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#WinterWar80: Road to War


On October 5th 1939 the USSR invited Finnish representatives to negotiations in Moscow. The Finnish government draw the correct conclusion that USSR was going to demand territory and bases from Finland. But the Finnish government wasn’t ready to roll over in the negotiations.

The signing of the Molotov-Ribbentrop pact between the USSR and Nazi Germany and the following invasion of Poland by the two, had made the Finnish leadership somewhat alarmed. During the October 1939 the USSR had demanded bases from the Baltic states. Estonia, Latvia and Lithuania saw that they had no choice but to comply with the demands as they were trapped between the co-operating dictatorships.

Some leverage had to be created for the Finnish government. So it was decided that the best way to counter the Soviet pressure was to mobilize the Finnish army. But instead of announcing a general mobilization, Finland begun an “extra refresher training for the reservists”. 

Finnish Cavalry deploying to the border to delay the anticipated invasion by USSR

The Independent Finnish army emerged from the turmoil of the Finnish Civil as a rather mixed force of various White Guards with not much in the way of formal training. The leadership was in the hands of the ex imperial Russian army officers and the men trained in the German Jaegerbattalion 27.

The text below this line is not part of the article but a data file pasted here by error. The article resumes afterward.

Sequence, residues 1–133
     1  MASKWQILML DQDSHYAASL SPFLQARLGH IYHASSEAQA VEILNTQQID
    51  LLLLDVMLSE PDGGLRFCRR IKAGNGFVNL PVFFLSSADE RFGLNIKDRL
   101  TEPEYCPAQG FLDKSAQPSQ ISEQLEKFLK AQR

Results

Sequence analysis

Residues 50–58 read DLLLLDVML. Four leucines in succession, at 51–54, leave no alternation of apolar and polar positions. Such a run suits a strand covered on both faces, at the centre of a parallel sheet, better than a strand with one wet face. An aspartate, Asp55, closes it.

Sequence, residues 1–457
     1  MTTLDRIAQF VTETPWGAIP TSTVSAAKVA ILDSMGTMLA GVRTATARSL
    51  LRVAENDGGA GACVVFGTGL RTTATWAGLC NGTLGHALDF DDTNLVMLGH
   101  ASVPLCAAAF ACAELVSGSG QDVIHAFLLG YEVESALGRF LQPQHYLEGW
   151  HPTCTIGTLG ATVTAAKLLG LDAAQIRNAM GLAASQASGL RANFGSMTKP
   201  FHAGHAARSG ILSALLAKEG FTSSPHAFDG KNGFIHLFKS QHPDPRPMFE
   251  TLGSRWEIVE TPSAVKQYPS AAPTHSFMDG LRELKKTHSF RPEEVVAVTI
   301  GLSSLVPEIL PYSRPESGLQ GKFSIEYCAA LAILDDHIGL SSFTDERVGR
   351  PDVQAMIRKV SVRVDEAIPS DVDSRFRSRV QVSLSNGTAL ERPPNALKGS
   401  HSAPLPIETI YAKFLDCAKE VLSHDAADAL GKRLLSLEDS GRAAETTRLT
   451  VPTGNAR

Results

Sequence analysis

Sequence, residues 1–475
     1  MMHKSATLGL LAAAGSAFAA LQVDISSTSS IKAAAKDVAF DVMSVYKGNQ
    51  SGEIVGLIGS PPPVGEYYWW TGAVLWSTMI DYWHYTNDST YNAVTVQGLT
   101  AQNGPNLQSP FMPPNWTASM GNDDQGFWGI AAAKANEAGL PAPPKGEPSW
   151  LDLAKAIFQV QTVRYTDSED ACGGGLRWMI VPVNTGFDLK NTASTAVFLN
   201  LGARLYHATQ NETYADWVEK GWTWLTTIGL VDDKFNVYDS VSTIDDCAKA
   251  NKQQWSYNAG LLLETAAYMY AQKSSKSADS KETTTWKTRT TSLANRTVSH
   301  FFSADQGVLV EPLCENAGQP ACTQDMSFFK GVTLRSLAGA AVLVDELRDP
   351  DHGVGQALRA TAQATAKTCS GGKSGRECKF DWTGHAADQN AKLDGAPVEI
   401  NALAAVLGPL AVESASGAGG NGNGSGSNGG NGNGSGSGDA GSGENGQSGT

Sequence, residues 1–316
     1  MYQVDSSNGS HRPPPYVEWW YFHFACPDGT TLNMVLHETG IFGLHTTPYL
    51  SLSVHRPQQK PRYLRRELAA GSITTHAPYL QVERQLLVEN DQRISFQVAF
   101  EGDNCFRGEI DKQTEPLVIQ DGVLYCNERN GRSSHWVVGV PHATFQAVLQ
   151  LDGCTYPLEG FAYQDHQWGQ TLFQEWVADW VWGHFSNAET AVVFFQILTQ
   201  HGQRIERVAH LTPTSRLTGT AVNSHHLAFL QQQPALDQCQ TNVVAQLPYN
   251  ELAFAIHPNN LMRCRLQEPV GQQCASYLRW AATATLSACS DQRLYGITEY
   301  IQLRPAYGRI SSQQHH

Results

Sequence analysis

Initially the army was formed as cadre force, supported by the Civil Guard Suojeluskunta that grew into an organic part of the defense forces, helping with maintaining the reservist training after the initial conscription.

The White Guards formed the base of the Finnish Army from 1917 onward. 

In 1935 the Finnish defense was revised from a traditional cadre system into a regional system. In the new system the active duty training formations were no longer expanded with the mobilized reservists. Instead the conscript units with their professional officers and NCOs were immediately sent to secure the border areas. Their mission was to screen the mobilization of the reserves into regional units. This field army was mobilized and equipped with the help of the local Suojeluskunta organizations. 

Finnish artillerymen resting at a local Suojeluskunta-house during the extra refresher training .

The voluntary training role of the Suojeluskunta allowed them to utilize the grassroots knowledge of the manpower in their respective areas to form effective front line units with minimal extra costs. The system was considered both effective and cheap, compared to the systems used by most other European nations.

Nurses organized by the Lotta-organization

A Lotta working as a messenger in a HQ
So by 20th of October 1939 the Finnish army had mobilized with the conscript units and border troops manning border line with a mission to delay the possible Russian invasion army and to buy time for the reservist field army to prepare the main defensive line. In addition to the army and Suojeluskunta, the womens organization Lotta Svärd also mobilized its members into supporting roles ranging from nursing and clerical duties to factories and anti-aircraft spotting.

Finnish reservists fetching food from the field kitchen that was crucial for winter warfare. Note also the warm civilian clothes taken from home.